Toyota is calling on all wheelers, inventors, designers, and engineers who have an idea to improve mobility to submit their idea to the company. The Toyota Mobility Foundation, in partnership with Nesta’s Challenge Prize Center, has launched the Mobility Unlimited Challenge, a $4 million challenge intended to spur the development of assistive technologies that will radically improve mobility and independence of people with paralysis across the globe.
Toyota has declared that the challenge will last for three-years and will be open to entrants across the globe. The challenge was launched at a press conference in Los Angeles, California, on November 16, 2017. There are several prize categories in the challenge such as the discovery awards of $50,000 that will go to support small, early-stage inventors so that they can enter the challenge. The deadline to enter the discovery awards challenge is February 7, 2018.
The next stage of the challenge is the finalist award where five awards of $500,000 will go to the teams who develop the best prototype. The finalists in this secondary category will be announced in January of 2019. This stage will produce the winner who will be awarded $1 million, the finalist team whose prototype device best meets the challenge statement will win this stage. The winner will be named in September 2020.
If you have an idea for mobility improvement and would like to bring the dream into reality, then you should consider submitting. After all, most of the paradigm shifts in mobility for wheelchair users have come from wheelchair users themselves. This includes the invention of the first folding wheelchair and first power wheelchair, made by Everest & Jennings, as Herbert Everest was a wheelchair user due to a mining accident. The first ultralight rigid-chair, the Quadra, was invented by Jeff Minnebraker, a recreational therapist and paraplegic. Sunrise Medical’s Quickie was created by Marilyn Hamilton, a paraplegic. And Kuschall was designed by Rainer Kuschall, a quadriplegic. The list goes on and on.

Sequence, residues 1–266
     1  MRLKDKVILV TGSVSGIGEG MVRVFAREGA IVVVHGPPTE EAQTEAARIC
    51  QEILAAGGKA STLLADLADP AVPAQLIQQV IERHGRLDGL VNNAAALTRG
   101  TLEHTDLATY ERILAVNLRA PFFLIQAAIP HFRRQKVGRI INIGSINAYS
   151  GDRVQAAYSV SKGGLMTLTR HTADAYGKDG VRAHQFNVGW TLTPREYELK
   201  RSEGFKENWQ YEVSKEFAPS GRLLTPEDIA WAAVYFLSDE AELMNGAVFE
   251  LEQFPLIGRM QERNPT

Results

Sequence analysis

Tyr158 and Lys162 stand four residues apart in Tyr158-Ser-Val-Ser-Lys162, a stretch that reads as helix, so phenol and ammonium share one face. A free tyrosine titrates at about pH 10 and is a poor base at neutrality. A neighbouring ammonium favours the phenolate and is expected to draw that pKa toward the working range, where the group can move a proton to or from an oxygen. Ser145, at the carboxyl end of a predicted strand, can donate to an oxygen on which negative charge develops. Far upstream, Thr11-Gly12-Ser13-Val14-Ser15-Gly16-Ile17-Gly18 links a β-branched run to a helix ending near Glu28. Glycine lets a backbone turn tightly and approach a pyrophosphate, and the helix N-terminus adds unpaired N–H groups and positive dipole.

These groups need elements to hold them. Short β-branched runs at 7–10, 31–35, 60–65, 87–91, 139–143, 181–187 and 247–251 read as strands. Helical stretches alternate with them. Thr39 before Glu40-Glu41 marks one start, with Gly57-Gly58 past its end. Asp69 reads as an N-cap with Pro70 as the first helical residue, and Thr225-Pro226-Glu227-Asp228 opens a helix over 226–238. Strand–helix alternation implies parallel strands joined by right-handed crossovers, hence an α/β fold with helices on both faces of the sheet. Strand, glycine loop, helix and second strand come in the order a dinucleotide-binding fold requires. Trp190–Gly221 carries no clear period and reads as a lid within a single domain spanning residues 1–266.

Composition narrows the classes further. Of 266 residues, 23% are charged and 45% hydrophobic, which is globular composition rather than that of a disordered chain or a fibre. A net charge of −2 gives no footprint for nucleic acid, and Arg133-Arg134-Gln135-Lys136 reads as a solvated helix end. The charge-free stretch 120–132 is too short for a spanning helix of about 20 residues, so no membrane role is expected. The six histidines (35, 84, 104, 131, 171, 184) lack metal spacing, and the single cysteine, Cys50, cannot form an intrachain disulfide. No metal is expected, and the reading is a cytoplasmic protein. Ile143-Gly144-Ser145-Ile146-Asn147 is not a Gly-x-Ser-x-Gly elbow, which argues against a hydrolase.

The Toyota Mobility Foundation was formed by Toyota in 2014 with the goal of enabling more people to go more places by sharing knowledge and partnering with others and their innovations to build a more mobile society. The Nesta Challenge Prize Center is a global innovation foundation that uses prizes to stimulate innovative solutions to some of the world’s biggest challenges.
Other Nesta Challenge Prizes include "The Inclusive Technology Prize" a challenge prize that encouraged innovations to enable people with disabilities equal access to opportunities in life and was won by an invention called Azule Joe, which is a free augmentative communication software (think Stephen Hawking) that will run on laptops, iPads and Kindles.
I think it is exciting to think of the design innovations that may result from such a well supported challenge. Start thinking and get the funding to make the world a better place.
Photo Credit: Toyota